Spolsino was business manager, reporter for Yankee Brew News in early days of craft beer scene
By Kerry J. Byrne
HYDE PARK, MASS. – Feb. 17, 2020 – The New England craft beer industry lost one of its early media champions last week with the passing of Ken “Lucky” Spolsino.
A lifelong Hyde Park resident, Spolsino was the business manager and a reporter for Yankee Brew News throughout the 1990s. He was into craft beer and promoted craft beer long before it was a cool thing to do. He was a familiar face in the early-era brewpubs and breweries that pioneered what’s blossomed into the cultural phenomenon we now as New England craft beer today.
Ken and I became good friends and traveled all over New England together hunting down the hottest new craft beer stories. We had no internet. No cell phones. No GPS.
We heard rumors, usually tipped off by homebrewers, a small handful of craft beer aficionados and the early entrepreneurs who fueled the scene. We’d hit the road to find out if the rumors were true.
There might have been 50 breweries in all of New England at the time – let alone the 50-odd breweries and taprooms that opened last year here in Massachusetts alone. So reporters had to drive far and wide.
Few outlets then covered the scene. The big newspapers and lifestyle magazines thought it was a fad. The former food editor of the Boston Globe once laughed into the phone when we suggested, back in the mid-1990s, that she offer her readers a beer column.
“You don’t drink beer with food, you drink wine,” she said.
That was the cultural mindset of the food literati at the time when Spolsino covered the craft beer scene.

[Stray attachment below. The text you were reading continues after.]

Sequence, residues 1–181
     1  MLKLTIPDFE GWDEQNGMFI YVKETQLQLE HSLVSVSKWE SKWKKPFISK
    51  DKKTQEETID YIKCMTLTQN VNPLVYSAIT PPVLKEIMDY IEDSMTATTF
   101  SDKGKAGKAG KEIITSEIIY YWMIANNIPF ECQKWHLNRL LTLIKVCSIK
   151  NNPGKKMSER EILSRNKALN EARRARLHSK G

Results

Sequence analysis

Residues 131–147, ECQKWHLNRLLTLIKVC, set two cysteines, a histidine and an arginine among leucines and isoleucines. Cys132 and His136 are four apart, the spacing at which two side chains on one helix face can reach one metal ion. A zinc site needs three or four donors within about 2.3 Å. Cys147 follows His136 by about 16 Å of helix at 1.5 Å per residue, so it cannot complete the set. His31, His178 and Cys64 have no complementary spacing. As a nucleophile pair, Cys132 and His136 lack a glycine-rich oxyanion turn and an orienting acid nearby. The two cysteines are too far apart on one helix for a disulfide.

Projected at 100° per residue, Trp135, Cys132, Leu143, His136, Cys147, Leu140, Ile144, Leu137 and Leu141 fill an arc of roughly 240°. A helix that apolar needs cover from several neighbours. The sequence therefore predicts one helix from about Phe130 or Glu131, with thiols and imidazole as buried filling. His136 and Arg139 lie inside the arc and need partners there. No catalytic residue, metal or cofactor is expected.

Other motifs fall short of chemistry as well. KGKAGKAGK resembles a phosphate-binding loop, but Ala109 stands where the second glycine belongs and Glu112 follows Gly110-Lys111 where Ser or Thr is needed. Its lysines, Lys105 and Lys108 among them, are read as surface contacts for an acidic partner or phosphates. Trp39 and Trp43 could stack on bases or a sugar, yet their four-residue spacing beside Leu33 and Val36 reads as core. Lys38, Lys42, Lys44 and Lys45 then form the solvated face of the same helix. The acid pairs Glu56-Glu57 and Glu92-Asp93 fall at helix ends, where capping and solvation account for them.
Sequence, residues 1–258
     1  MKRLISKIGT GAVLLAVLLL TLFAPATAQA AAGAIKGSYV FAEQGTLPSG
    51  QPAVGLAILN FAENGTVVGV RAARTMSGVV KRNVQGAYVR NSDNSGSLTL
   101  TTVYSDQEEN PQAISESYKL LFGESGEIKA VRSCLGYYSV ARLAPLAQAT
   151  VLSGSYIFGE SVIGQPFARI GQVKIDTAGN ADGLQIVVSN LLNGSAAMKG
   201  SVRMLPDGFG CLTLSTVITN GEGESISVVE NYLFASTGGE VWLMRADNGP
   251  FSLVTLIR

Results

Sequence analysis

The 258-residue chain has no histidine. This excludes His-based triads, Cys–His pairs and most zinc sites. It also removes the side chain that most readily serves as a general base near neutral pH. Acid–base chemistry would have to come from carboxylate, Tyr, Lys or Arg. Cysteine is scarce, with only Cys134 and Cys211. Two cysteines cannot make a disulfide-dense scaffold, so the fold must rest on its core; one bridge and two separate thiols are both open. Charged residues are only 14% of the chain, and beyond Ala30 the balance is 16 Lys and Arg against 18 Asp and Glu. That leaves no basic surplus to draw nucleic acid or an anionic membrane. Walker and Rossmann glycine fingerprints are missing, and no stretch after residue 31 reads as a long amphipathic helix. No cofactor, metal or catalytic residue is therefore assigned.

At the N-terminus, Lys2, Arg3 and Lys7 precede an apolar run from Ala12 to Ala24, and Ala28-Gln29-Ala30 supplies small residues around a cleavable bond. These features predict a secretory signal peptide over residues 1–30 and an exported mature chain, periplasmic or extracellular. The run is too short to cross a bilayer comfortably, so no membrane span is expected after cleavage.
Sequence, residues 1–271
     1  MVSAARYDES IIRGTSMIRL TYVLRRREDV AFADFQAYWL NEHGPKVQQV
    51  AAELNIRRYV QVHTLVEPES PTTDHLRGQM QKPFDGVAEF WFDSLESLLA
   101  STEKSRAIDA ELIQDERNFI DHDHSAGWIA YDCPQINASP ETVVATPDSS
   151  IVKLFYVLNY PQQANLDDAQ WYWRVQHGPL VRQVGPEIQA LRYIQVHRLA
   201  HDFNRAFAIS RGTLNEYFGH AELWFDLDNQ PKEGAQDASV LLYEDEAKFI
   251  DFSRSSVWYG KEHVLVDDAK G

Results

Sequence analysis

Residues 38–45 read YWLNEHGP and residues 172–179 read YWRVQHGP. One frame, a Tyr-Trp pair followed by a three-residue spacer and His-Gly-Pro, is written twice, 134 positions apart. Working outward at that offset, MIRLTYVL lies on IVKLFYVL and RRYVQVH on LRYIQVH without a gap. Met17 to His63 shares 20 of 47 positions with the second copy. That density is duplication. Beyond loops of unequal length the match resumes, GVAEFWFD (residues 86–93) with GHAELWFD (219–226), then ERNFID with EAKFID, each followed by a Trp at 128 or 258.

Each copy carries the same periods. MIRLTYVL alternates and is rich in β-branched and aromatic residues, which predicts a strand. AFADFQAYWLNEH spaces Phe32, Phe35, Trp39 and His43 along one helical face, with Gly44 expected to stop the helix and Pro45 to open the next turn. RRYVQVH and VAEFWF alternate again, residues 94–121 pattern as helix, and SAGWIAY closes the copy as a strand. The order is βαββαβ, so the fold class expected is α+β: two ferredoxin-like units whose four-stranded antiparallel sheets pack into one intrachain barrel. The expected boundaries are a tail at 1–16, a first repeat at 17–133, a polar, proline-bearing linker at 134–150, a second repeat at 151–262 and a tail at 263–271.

There certainly was no resource like Mass. Brew Bros. we could use as a guide, like so many local beer lovers to today. Small trade publications like Yankee Brew News (founded in 1989 by Spolsino’s boyhood chum Don Gosselin) and Ale Street News were the only sources of information about this burgeoning beer scene. It was up to reporters like Spolsino to dig up the stories. And back then to do that you had to hit the road.
Often trips with Lucky yielded comedic results. One day, maybe around 1995, we heard tale of a new little brewery in – I believe – Farmington, New Hampshire. So we drove from Boston to Farmington and knocked on the door of the address we had in hand.
Oops. Wrong town. Hell. Wrong state!
We were supposed to go to Farmington, Maine. Again, no internet. Not GPS. No cell phones. We didn’t know we were in the wrong place until we got there.
Spolsino wrote one of Boston’s most memorable restaurant reviews back in 1995. It was a Yankee Brew News story about craft-beer and barbecue landmark Redbones in Somerville. He called it a “third-date kind of place.” A memorably accurate description of this great but super-casual craft-beer bar.
“The third date is where your true personality emerges,” wrote Spolsino. “By this time your date has seen through your facade and anticipated the evening by wearing something with an elastic waistband because she knows she will need room to expand.”
Yup. Sounds like Redbones. Sounds like Lucky, too.
Somerville at the time was still a rough town. Slummerville, as it was called. Redbones brought new life and new energy to Davis Square.
Redbones, more than any other single establishment, was responsible for fueling the revival of Somerville. Their ads called Davis Square “the Paris of the 90s.” Owner Rob Gregory hosted really cool parties in the basement. He invited all the brewers in New England and all the reporters in Boston like Spolsino who were into craft beer – again, long before it was cool. Redbones forged a scene, built around our mutual love of craft beer.
Nobody captured the Redbones vibe better than Lucky. And few championed upstart breweries more enthusiastically than Lucky — at a time when craft breweries were desperate for attention from the wider public. He helped support New England craft beer long before others and he was always pleased to see how big the industry had become.